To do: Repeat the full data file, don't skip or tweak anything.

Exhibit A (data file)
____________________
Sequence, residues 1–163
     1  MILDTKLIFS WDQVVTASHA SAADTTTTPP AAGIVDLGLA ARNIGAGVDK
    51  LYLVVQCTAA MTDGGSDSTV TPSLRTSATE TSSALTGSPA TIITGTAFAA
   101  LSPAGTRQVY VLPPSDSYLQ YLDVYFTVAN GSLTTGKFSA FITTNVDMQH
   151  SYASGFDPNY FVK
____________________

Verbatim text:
Sequence, residues 1–163
     1  MILDTKLIFS WDQVVTASHA SAADTTTTPP AAGIVDLGLA ARNIGAGVDK
    51  LYLVVQCTAA MTDGGSDSTV TPSLRTSATE TSSALTGSPA TIITGTAFAA
   101  LSPAGTRQVY VLPPSDSYLQ YLDVYFTVAN GSLTTGKFSA FITTNVDMQH
   151  SYASGFDPNY FVK